Vi­tal to update cit­i­zens on who is sav­ing wa­ter, and who isn’t

Anal­y­sis

The New Age (Gauteng) - - OPINION & ANALYSIS - The­con­ver­sa­tion.com David Olivier is a post­doc­toral re­search fel­low at the Global Change In­sti­tute, Univer­sity of the Wit­wa­ter­srand. This ar­ti­cle first ap­peared in The Con­ver­sa­tion

DAMS in Cape Town are half of what they were this time last year as the city con­tin­ues to bat­tle drought. Last year’s short­age gave the city the dri­est sum­mer in 100 years.

Un­less Cape Town has a mirac­u­lously wet spring, the sum­mer of 2018 seems set to achieve some un­for­tu­nate new records.

Slow­ing down res­i­den­tial wa­ter use is ob­vi­ously hugely im­por­tant – res­i­dents con­sume 65% of the city’s wa­ter. But to get res­i­dents to use less, the city’s man­age­ment must get res­i­dents’ buy-in.

This can only be achieved if there is trust and trust will only be de­vel­oped when res­i­dents be­lieve that the wa­ter au­thor­ity is han­dling re­stric­tions in a way that is nec­es­sary, ef­fec­tive and fair.

Aus­tralian re­searchers study­ing house­hold wa­ter use found that peo­ple’s will­ing­ness to save wa­ter re­lated di­rectly to the trust they felt in the lo­cal au­thor­ity pro­mot­ing wa­ter sav­ing. The re­searchers also drew on a Mex­i­can case study which found that res­i­dents who trusted the lo­cal au­thor­ity in a town called Sonora dur­ing an eight-year drought were much more likely to save wa­ter.

These and other stud­ies, show that trust is built when re­stric­tions are equal to the sever­ity of the drought, when no one gets away with wast­ing wa­ter and when there is no favouritism to­wards cer­tain sec­tors or users. Nec­es­sary, ef­fec­tive and fair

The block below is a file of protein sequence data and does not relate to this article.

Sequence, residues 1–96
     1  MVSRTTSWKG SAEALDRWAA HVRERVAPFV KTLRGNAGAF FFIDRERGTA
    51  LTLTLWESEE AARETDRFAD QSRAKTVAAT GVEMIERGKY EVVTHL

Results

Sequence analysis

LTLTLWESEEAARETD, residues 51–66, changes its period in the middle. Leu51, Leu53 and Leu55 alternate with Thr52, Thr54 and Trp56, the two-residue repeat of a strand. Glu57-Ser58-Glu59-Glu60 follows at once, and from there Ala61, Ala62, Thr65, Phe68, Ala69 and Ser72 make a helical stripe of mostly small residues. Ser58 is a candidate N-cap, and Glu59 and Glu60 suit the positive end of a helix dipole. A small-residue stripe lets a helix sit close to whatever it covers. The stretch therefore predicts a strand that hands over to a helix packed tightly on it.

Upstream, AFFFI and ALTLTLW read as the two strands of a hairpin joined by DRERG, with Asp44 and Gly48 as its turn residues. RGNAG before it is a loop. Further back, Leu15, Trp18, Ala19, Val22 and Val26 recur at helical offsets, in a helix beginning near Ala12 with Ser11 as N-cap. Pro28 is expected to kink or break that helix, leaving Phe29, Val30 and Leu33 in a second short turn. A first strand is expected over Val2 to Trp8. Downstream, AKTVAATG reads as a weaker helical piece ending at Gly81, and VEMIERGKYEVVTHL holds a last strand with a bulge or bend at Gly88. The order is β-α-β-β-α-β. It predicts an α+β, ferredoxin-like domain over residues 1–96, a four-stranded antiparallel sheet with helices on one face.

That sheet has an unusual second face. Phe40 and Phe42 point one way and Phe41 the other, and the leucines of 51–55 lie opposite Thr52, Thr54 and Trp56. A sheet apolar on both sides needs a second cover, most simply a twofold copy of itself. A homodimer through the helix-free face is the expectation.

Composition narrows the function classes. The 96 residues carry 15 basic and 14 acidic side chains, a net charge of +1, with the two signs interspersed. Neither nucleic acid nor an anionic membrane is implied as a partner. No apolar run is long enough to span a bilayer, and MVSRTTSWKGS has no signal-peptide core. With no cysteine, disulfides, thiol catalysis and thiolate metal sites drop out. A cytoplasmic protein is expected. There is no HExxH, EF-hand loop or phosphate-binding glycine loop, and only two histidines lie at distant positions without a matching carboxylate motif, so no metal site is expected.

To build trust, the public needs to be­lieve that re­stric­tions are nec­es­sary – peo­ple must be­lieve that the ap­pro­pri­ate re­stric­tions have been in­tro­duced at the cor­rect time.

Queens­land, Aus­tralia, for ex­am­ple, ran a cam­paign called Tar­get 140, dur­ing their worst drought in 100 years.

The aim of the cam­paign was to re­duce wa­ter use to 140 litres per per­son per day. One of the greatest hin­drances was that peo­ple had al­ready en­dured two years of wa­ter re­stric­tions. So they felt de­spon­dent that their best wa­ter­sav­ing ef­forts hadn’t been good enough and were re­luc­tant to save even more.

But the cam­paign be­came a suc­cess after the Queens­land wa­ter com­mis­sion showed res­i­dents how dam lev­els were drop­ping.

It was able to con­vince cus­tomers that in­ten­si­fied wa­ter re­stric­tions were ab­so­lutely nec­es­sary.

Ef­fec­tive strat­egy

Res­i­dents can lose in­ter­est in con­serv­ing wa­ter if they be­lieve that oth­ers are get­ting away with wast­ing wa­ter. A study on wa­ter re­stric­tion ef­fec­tive­ness in Los An­ge­les found that hardly any wa­ter was saved as long as wa­ter re­stric­tions were not en­forced.

Peo­ple need to know that wa­ter re­stric­tions are go­ing to be ef­fec­tive.

Fair dis­tri­bu­tion